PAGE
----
A classroom in downtown Fairbanks has the beginnings of a science-fiction story turning practical reality. There are 20 computers hooked up to 20 3-D printers in a lab at University of Alaska’s Community and Technical College or CTC. Teachers there believe it is going to be a huge game-changer for Alaska to “print” objects instead of buying them from an outside source.
So that thing you ordered online a week ago, for which you paid a lot to ship to Alaska? You are still waiting, huh? Now imagine that you went to your household 3-D printer, downloaded a pattern for the thing you wanted, pushed a button and the item appeared. No waiting for the mail, no shipping costs.
Joel Sturm is a Program Assistant for the Drafting and Design Technology Department at CTC – the downtown branch of University of Alaska Fairbanks.
“I think that printers in general, the 3-D printers, are very in line with the Alaska duct tape mentality, or like do it yourself and fix it,” Sturm said. “And it’s also us being kind of separated from the rest of the world. Everyone knows about shipping costs or waiting longer. So the digital inventory and delocalized manufacturing, I think, is gonna be a really big part of it in Alaska.”
Sturm manages the lab where 3-D printers turn spools of plastic into practical items.
“What this looks like right now is it’s got this hot nozzle. It gets really hot and then it’s got a plastic spool feeding into it. So as it feeds in, it melts it and it squirts it out the nozzle,” Sturm said. “If you were doing a soda can, it would just be a series of ‘draw a circle. Go up a little bit. Draw a circle. Go up a little bit.’ It’s just cutting whatever you have into layers and then drawing each one individually.”
Adam McDermott is a teacher for a 3-D modeling and printing class in the lab.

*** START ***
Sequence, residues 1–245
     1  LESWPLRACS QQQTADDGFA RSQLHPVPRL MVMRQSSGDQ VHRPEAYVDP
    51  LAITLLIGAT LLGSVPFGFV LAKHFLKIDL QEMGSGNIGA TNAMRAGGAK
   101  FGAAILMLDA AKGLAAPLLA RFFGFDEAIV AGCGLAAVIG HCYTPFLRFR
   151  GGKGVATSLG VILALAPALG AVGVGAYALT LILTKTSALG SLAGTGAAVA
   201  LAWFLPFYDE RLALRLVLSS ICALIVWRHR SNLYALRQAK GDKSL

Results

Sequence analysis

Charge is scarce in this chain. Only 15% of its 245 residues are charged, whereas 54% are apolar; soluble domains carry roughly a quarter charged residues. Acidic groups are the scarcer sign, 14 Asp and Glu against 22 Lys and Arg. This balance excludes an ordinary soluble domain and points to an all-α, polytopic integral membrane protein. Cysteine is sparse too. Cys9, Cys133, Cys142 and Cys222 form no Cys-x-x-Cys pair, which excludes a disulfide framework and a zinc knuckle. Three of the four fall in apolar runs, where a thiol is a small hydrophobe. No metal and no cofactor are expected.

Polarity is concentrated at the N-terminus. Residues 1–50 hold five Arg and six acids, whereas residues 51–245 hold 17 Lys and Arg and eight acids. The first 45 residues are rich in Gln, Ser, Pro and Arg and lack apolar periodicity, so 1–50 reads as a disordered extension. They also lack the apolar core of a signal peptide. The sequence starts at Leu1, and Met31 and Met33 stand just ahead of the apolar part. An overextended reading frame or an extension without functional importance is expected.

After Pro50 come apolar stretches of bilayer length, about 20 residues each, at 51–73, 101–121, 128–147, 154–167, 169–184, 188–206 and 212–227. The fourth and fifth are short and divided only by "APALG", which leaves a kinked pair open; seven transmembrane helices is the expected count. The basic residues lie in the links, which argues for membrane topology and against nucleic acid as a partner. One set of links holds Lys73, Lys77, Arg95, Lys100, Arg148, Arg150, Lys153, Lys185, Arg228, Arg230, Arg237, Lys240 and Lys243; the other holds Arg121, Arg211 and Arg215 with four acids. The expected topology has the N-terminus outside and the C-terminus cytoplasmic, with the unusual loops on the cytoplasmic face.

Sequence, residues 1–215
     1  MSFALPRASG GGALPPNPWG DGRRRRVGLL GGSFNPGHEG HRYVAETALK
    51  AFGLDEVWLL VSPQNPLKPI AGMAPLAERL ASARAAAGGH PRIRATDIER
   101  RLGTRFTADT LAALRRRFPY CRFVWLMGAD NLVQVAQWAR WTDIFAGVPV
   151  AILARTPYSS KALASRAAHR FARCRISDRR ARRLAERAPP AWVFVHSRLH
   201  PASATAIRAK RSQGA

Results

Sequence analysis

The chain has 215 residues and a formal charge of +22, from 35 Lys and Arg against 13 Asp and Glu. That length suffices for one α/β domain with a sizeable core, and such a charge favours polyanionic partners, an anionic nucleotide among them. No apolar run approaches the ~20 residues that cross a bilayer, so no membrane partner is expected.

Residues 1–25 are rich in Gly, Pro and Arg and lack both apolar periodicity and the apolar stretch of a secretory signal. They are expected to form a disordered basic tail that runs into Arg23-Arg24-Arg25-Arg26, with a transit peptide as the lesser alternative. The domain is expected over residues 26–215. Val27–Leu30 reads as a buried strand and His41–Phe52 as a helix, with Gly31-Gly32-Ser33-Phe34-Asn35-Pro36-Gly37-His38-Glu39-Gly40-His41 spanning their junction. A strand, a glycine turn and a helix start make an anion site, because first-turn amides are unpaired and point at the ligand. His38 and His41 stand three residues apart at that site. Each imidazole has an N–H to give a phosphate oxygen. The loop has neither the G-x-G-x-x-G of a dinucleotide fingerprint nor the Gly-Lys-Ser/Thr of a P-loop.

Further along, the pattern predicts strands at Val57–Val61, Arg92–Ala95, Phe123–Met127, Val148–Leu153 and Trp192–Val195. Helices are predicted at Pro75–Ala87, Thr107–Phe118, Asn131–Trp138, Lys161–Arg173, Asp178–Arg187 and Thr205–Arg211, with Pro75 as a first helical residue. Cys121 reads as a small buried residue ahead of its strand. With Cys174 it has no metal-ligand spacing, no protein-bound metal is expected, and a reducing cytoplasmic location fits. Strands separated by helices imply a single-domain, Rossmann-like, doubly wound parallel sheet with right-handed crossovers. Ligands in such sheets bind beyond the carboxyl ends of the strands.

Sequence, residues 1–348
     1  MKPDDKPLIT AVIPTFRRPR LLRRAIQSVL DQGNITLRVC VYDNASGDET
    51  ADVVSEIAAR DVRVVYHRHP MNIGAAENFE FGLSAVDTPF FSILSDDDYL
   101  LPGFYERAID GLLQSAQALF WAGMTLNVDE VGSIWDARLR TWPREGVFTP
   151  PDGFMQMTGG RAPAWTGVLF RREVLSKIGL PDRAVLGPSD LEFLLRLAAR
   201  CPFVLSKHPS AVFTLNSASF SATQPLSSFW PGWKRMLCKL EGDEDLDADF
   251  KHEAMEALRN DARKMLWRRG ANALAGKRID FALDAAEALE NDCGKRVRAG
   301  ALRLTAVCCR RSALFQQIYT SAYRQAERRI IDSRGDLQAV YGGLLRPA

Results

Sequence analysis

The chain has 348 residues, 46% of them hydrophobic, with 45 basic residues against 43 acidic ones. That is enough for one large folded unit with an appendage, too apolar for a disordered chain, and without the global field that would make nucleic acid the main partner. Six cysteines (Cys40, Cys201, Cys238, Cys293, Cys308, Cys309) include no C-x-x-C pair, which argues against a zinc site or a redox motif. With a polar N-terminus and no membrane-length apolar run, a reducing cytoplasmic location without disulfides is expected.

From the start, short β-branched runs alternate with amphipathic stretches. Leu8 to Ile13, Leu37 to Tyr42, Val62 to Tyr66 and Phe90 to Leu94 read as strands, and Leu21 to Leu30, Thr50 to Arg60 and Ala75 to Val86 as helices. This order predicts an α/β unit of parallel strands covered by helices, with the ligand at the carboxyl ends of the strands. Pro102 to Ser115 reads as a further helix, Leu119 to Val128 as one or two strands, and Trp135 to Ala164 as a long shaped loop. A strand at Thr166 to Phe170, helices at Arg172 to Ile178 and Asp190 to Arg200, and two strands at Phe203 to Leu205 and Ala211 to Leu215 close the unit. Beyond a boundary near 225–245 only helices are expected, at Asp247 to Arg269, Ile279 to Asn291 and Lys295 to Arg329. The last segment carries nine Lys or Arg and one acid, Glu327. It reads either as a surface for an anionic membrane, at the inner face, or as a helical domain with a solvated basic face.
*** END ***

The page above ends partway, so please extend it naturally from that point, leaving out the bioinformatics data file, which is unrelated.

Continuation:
“It’s pretty exciting to come into the class and the first thing I get here is the printers are going,” McDermott said. “We have a couple students who are really on it and they wanna get going, not wait. And then as the class fills up everyone starts talking and looking at stuff and oohing and ahhing. It’s pretty cutting edge.”
He believes 3-D printing will be a paradigm shift, as Alaskans get used to it. There will be a 3-D printer in everyone’s home – kind of like a toaster, or coffeemaker. And we will use them like a Star Trek replicator — to make whatever we need.
And according to Bill Fox, another teacher, the costs of the technology are coming down. The little six-inch by six-inch printers in this room are about $700 each, but kits start at $300.
“Well it’s gonna change everybody’s life because on a computer, you can design a part that you need or an object that you need and print it and have it ready to go quicker than you can have it sent off. This is a game changer for everything.”
Fox makes parts for old cars, models and toys, McDermott made parts for his chainsaw. And they have seen the students invent whatever they can imagine:
“He was showing me his showlaces his wife made him and he put a magnet in them so that he doesn’t have to tie his shoes anymore. They just snap shut. It’s pretty excellent and he walks around with a 3-D printed pair of shoelaces.”
Joel Sturm said the characteristics of 3-D printing make it perfect for custom medical prostheses – artificial body parts.
“One of their advantages is that complexity is free. It doesn’t matter if you’re printing a box or if you’re printing a box that has a whole bunch of ornate shapes and things and text on it. It’s gonna take the printer about the same amount of time to as just doing it layer by layer. And complexity is free and anatomy matter. We can all have our ow individual thing now. We can have the thing that is tailored to us.”
So that thing you ordered a week ago? Soon you’ll be manufacturing it yourself.